News of the recent Tata Steel crisis has caused concern, with many people believing the UKs manufacturing industry is in decline. However, figures suggest the industry has a bright future and will continue to contribute enormously to the UKs growing economy.
The recent Tata Steel crisis highlighted the need for manufacturers to manage operations effectively. Tata said that it was “deeply concerned” at the deteriorating financial performance of its UK subsidiary in the last year, stating that its plant at Port Talbot has been losing £1 million a day for a while and Tata said it had suffered “asset impairment” of more than £2 billion in the last five years.
This shows how vital it is for manufacturing companies to have complete sight of their operation, to have the required data available to react to changes in the market and to remain agile in order to implement new strategies quickly. Competition is fierce which requires manufacturers to constantly evaluate operational efficiency, business strategies and processes, performance, while encouraging innovation.
To ensure the security and longevity of steel manufacturing in particular, investment firm Greybull Capital, have agreed to buy Tata’s long products business in a bid to revive the British Steel brand. As explained on theguardian.co.uk this could be vital to the UKs economy, “The British Constructional Steelwork Association (BCSA), which represents companies using steel in construction and engineering products, said the structural steel market is expected to grow by 4% this year.”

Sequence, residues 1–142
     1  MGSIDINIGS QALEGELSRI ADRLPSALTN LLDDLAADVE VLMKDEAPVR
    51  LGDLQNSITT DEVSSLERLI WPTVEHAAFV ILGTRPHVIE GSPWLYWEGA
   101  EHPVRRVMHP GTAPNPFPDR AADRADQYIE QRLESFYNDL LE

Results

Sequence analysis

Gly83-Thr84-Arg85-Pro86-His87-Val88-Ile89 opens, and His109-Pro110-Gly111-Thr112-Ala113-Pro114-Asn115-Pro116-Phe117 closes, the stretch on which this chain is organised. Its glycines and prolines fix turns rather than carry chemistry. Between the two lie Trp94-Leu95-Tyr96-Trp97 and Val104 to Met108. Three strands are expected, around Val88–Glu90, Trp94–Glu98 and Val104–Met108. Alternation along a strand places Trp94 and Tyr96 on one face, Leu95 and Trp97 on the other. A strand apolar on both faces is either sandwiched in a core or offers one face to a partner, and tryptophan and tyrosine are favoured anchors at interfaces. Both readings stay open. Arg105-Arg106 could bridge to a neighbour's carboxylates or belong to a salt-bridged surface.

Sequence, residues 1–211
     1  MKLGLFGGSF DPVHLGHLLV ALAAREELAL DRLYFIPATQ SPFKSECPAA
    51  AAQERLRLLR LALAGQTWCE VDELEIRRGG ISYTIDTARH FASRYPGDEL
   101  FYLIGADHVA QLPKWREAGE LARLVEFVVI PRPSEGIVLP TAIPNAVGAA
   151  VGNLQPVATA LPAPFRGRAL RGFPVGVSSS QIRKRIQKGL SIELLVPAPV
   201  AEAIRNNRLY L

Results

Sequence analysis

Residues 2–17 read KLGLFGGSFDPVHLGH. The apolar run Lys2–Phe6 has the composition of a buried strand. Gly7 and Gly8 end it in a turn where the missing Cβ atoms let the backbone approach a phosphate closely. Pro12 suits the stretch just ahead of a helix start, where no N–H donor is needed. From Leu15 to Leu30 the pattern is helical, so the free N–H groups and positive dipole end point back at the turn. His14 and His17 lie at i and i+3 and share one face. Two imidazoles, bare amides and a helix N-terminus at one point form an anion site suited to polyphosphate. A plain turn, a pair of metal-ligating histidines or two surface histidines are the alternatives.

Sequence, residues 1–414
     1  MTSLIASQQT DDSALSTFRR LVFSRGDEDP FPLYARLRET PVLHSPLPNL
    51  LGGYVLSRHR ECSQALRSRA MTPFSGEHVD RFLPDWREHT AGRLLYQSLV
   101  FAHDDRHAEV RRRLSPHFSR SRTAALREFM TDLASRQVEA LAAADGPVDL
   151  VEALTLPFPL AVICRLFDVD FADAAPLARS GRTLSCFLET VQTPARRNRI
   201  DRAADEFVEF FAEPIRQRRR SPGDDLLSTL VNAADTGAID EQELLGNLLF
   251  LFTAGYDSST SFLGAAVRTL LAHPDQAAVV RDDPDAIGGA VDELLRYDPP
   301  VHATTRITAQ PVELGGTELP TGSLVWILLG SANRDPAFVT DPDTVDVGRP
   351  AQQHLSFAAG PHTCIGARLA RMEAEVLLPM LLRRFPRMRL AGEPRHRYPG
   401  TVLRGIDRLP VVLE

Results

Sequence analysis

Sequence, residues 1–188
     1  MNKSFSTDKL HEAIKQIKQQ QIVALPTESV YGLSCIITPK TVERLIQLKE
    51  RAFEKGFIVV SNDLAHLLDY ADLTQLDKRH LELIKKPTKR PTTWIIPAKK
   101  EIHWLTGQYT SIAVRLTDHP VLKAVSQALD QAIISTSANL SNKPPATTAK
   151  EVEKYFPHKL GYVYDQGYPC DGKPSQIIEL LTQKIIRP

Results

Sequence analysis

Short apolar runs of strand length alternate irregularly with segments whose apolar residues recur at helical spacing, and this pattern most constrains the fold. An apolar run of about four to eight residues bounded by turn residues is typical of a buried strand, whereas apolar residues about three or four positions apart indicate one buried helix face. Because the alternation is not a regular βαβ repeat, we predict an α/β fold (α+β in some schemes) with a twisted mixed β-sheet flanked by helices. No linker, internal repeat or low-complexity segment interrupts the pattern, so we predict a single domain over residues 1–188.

Is there a future for UK manufacturing?
Some figures suggest production in the manufacturing industry is in decline, but do not take into consideration the changes in which the industry is measured. As explained on TheManufacturer.com, “Although the contribution of manufacturing to GDP has declined on paper, many of the services provided to manufacturers which would have once been considered part of manufacturing, such as catering; cleaning; building services, security and so on, are now allocated into different areas of the economy.”
In fact, manufacturing contributes £6.7 trillion to the global economy. Some may believe the industry is weakening, yet, manufacturing makes up 11% of UK GVA (Gross Value Added), 54% of UK exports and employs 2.6 million people. What’s more, according to a recent report from the Office for National Statistics (ONS) it’s grown by 1.4% each year since 1948. The ONS attribute this sustained growth to a more skilled workforce; a shift in production from low to high productivity goods and improvements in automation and ICT.
According to manufacturing statistics, investment in ICT continues to be a main focus, with 61% of manufacturers explaining they’ll be spending more on it this year. 25% expect to implement ERP software solution, and 16% aim to upgrade their IT infrastructure, in a bid to revolutionise, stabilise and grow the industry further.
To help manufacturers realise their full potential, we’ve put together the following information here >>>
For more information, download the annual manufacturing report 2016 here.